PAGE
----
8. Anna Nagurney & Qiang Qiang, 2008. "An efficiency measure for dynamic networks modeled as evolutionary variational inequalities with application to the Internet and vulnerability analysis," Netnomics, Springer, vol. 9(1), pages 1-20, January.
    9. Sohn, Keemin, 2011. "Multi-objective optimization of a road diet network design," Transportation Research Part A: Policy and Practice, Elsevier, vol. 45(6), pages 499-511, July.
    10. Chung, Jin-Hyuk & Yeon Hwang, Kee & Kyung Bae, Yun, 2012. "The loss of road capacity and self-compliance: Lessons from the Cheonggyecheon stream restoration," Transport Policy, Elsevier, vol. 21(C), pages 165-178.
    11. Yang, Chao & Chen, Anthony, 2009. "Sensitivity analysis of the combined travel demand model with applications," European Journal of Operational Research, Elsevier, vol. 198(3), pages 909-921, November.
    12. Zhao, Chunxue & Fu, Baibai & Wang, Tianming, 2014. "Braess paradox and robustness of traffic networks under stochastic user equilibrium," Transportation Research Part E: Logistics and Transportation Review, Elsevier, vol. 61(C), pages 135-141.
    13. William H. Sandholm, 1997. "An Evolutionary Approach to Congestion," Discussion Papers 1198, Northwestern University, Center for Mathematical Studies in Economics and Management Science.
    14. Yang, Hai & Bell, Michael G. H., 1998. "A capacity paradox in network design and how to avoid it," Transportation Research Part A: Policy and Practice, Elsevier, vol. 32(7), pages 539-545, September.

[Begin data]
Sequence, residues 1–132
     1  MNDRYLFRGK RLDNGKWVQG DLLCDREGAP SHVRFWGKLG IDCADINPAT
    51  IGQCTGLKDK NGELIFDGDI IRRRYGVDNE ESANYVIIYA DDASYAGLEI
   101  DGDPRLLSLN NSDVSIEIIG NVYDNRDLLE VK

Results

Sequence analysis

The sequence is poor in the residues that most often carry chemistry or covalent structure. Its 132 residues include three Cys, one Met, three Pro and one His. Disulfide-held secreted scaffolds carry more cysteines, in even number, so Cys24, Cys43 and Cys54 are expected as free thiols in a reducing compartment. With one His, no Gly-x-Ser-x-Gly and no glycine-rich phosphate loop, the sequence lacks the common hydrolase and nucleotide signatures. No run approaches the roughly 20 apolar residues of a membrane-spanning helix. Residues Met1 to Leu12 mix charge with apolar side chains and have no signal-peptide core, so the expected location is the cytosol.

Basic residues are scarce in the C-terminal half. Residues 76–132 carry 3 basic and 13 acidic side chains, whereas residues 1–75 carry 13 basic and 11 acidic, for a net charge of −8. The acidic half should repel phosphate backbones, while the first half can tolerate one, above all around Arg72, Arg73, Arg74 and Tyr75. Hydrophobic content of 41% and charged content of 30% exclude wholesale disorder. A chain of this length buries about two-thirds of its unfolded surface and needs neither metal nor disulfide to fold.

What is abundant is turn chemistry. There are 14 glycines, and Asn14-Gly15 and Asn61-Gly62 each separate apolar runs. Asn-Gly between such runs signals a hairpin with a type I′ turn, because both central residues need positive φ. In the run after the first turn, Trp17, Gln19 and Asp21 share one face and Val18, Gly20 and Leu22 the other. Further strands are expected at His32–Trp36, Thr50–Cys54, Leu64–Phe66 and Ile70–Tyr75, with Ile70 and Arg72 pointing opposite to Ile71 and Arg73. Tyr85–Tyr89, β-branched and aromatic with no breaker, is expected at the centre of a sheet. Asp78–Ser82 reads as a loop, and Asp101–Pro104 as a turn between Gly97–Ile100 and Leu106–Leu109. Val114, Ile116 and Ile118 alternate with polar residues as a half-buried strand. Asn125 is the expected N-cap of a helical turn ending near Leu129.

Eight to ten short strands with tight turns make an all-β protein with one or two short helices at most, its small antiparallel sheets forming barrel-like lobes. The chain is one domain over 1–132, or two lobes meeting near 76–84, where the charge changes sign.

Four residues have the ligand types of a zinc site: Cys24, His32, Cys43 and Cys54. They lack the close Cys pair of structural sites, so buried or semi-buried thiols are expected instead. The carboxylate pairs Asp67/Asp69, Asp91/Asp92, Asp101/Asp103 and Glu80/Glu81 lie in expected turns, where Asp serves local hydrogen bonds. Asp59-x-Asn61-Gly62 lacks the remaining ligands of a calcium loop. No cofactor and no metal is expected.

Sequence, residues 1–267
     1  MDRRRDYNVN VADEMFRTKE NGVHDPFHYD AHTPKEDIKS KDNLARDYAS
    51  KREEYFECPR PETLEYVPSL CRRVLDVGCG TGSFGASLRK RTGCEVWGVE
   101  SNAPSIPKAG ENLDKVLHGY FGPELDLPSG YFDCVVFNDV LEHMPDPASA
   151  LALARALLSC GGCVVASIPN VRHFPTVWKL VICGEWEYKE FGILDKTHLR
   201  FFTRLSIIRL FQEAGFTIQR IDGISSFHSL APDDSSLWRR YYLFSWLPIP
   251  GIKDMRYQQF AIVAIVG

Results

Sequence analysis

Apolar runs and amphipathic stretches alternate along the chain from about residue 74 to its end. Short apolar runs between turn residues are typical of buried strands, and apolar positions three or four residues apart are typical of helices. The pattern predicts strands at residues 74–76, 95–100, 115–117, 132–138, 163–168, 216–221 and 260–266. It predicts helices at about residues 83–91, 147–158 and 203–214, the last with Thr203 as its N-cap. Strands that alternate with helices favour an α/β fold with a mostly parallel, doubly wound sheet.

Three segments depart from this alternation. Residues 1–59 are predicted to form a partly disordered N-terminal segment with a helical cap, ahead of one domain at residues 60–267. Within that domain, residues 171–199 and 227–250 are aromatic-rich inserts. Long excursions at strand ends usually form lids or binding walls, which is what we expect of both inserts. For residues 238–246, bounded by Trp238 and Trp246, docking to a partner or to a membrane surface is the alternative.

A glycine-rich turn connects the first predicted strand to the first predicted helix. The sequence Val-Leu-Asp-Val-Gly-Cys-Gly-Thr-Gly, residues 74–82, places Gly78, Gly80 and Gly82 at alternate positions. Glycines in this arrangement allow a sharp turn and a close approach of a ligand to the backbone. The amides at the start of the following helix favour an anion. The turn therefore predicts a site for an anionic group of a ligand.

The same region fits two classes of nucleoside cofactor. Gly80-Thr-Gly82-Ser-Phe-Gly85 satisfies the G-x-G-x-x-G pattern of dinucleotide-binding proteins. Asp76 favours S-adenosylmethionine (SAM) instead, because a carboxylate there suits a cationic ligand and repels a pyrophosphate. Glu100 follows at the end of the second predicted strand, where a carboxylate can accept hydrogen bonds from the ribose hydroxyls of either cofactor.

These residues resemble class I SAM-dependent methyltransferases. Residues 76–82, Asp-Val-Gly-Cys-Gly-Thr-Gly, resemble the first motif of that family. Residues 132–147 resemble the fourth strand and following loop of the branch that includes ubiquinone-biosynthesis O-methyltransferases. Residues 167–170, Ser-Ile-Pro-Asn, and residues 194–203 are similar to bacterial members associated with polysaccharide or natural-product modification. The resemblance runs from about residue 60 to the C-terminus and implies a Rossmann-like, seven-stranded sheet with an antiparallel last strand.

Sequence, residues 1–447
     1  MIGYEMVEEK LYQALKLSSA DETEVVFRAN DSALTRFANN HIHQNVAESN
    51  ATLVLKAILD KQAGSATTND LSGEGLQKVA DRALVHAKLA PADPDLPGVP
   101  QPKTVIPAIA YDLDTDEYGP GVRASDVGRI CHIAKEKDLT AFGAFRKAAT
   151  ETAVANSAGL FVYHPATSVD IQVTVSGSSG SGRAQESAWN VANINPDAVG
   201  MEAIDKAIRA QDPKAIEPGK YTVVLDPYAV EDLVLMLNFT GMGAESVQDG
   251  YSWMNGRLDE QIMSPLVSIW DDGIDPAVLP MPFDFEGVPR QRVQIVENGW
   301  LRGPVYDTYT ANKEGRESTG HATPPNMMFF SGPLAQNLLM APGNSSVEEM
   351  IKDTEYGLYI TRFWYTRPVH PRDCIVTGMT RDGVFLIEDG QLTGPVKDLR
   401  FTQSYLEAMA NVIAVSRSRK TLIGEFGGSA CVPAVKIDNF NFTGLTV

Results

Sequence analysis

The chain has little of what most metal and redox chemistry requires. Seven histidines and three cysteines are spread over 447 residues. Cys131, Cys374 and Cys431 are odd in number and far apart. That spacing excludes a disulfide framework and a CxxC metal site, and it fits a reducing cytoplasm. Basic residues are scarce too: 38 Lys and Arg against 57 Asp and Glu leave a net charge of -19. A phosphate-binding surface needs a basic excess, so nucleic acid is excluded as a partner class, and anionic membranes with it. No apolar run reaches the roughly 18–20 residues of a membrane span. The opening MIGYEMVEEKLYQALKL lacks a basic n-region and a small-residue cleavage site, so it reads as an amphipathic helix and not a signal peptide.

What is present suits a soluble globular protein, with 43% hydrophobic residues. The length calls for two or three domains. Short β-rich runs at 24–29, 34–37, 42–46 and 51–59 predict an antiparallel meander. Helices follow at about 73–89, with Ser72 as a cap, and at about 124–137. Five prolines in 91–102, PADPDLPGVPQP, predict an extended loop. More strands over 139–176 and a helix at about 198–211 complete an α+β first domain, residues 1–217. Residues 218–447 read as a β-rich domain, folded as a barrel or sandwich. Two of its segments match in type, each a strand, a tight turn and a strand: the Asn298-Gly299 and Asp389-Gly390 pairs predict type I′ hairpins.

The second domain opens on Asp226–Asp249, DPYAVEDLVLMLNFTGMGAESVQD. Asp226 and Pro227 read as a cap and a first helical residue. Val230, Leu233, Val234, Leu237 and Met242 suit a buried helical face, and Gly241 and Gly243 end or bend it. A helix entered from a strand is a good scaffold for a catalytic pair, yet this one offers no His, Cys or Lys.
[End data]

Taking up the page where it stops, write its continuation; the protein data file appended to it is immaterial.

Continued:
15. Morgan, John & Orzen, Henrik & Sefton, Martin, 2009. "Network architecture and traffic flows: Experiments on the Pigou-Knight-Downs and Braess Paradoxes," Games and Economic Behavior, Elsevier, vol. 66(1), pages 348-372, May.
    16. Hsun-Jung Cho & Yu-Kuang Chen, 2010. "Finding the ϵ-user Equilibrium Solution Using an Augmented Frank-Wolfe Algorithm," Networks and Spatial Economics, Springer, vol. 10(4), pages 473-485, December.
    17. Rapoport, Amnon & Kugler, Tamar & Dugar, Subhasish & Gisches, Eyran J., 2009. "Choice of routes in congested traffic networks: Experimental tests of the Braess Paradox," Games and Economic Behavior, Elsevier, vol. 65(2), pages 538-571, March.
    18. Xiaoning Zhang & H. Zhang, 2010. "Simultaneous Departure Time/Route Choices in Queuing Networks and a Novel Paradox," Networks and Spatial Economics, Springer, vol. 10(1), pages 93-112, March.
    19. Rossi, Riccardo & Gastaldi, Massimiliano & Carturan, Federico & Pellegrino, Carlo & Modena, Claudio, 2012. "Planning and management of actions on transportation system to address extraordinary events in post-emergency situations. A multidisciplinary approach," European Transport \ Trasporti Europei, ISTIEE, Institute for the Study of Transport within the European Economic Integration, issue 51, pages 1-3.
    20. Bagloee, Saeed Asadi & Asadi, Mohsen, 2015. "Prioritizing road extension projects with interdependent benefits under time constraint," Transportation Research Part A: Policy and Practice, Elsevier, vol. 75(C), pages 196-216.
    21. Yao, Jia & Chen, Anthony, 2014. "An analysis of logit and weibit route choices in stochastic assignment paradox," Transportation Research Part B: Methodological, Elsevier, vol. 69(C), pages 31-49.
    22. Rapoport, Amnon & Mak, Vincent & Zwick, Rami, 2006. "Navigating congested networks with variable demand: Experimental evidence," Journal of Economic Psychology, Elsevier, vol. 27(5), pages 648-666, October.
    23. Anna Nagurney & David Parkes & Patrizia Daniele, 2007. "The Internet, evolutionary variational inequalities, and the time-dependent Braess paradox," Computational Management Science, Springer, vol. 4(4), pages 355-375, October.